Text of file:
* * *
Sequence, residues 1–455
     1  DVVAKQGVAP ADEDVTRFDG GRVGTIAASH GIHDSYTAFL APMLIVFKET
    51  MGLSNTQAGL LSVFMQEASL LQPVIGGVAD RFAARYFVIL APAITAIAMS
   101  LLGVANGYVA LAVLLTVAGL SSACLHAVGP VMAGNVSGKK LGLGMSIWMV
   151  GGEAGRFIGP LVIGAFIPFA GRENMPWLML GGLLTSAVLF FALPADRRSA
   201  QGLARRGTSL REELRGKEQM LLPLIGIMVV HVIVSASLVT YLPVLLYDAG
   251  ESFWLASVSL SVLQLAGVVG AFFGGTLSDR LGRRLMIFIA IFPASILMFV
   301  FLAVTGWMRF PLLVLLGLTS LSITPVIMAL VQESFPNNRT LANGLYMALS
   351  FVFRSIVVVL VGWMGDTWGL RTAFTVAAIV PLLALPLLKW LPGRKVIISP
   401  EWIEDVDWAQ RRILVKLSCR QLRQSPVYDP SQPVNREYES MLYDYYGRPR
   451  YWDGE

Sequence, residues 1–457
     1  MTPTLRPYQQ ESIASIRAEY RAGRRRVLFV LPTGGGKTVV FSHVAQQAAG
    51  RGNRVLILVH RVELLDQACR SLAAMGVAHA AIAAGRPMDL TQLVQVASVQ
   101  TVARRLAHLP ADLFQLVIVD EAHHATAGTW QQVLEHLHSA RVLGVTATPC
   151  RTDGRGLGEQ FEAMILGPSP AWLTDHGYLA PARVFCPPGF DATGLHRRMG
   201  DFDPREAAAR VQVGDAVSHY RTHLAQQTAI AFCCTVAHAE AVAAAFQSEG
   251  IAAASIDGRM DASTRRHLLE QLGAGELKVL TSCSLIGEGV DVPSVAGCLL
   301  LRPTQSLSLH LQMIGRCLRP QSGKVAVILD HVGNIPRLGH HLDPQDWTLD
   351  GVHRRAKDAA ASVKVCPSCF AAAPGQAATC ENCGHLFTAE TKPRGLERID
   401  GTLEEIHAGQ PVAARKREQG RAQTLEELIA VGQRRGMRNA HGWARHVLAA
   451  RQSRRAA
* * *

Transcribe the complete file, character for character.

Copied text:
Sequence, residues 1–455
     1  DVVAKQGVAP ADEDVTRFDG GRVGTIAASH GIHDSYTAFL APMLIVFKET
    51  MGLSNTQAGL LSVFMQEASL LQPVIGGVAD RFAARYFVIL APAITAIAMS
   101  LLGVANGYVA LAVLLTVAGL SSACLHAVGP VMAGNVSGKK LGLGMSIWMV
   151  GGEAGRFIGP LVIGAFIPFA GRENMPWLML GGLLTSAVLF FALPADRRSA
   201  QGLARRGTSL REELRGKEQM LLPLIGIMVV HVIVSASLVT YLPVLLYDAG
   251  ESFWLASVSL SVLQLAGVVG AFFGGTLSDR LGRRLMIFIA IFPASILMFV
   301  FLAVTGWMRF PLLVLLGLTS LSITPVIMAL VQESFPNNRT LANGLYMALS
   351  FVFRSIVVVL VGWMGDTWGL RTAFTVAAIV PLLALPLLKW LPGRKVIISP
   401  EWIEDVDWAQ RRILVKLSCR QLRQSPVYDP SQPVNREYES MLYDYYGRPR
   451  YWDGE

Sequence, residues 1–457
     1  MTPTLRPYQQ ESIASIRAEY RAGRRRVLFV LPTGGGKTVV FSHVAQQAAG
    51  RGNRVLILVH RVELLDQACR SLAAMGVAHA AIAAGRPMDL TQLVQVASVQ
   101  TVARRLAHLP ADLFQLVIVD EAHHATAGTW QQVLEHLHSA RVLGVTATPC
   151  RTDGRGLGEQ FEAMILGPSP AWLTDHGYLA PARVFCPPGF DATGLHRRMG
   201  DFDPREAAAR VQVGDAVSHY RTHLAQQTAI AFCCTVAHAE AVAAAFQSEG
   251  IAAASIDGRM DASTRRHLLE QLGAGELKVL TSCSLIGEGV DVPSVAGCLL
   301  LRPTQSLSLH LQMIGRCLRP QSGKVAVILD HVGNIPRLGH HLDPQDWTLD
   351  GVHRRAKDAA ASVKVCPSCF AAAPGQAATC ENCGHLFTAE TKPRGLERID
   401  GTLEEIHAGQ PVAARKREQG RAQTLEELIA VGQRRGMRNA HGWARHVLAA
   451  RQSRRAA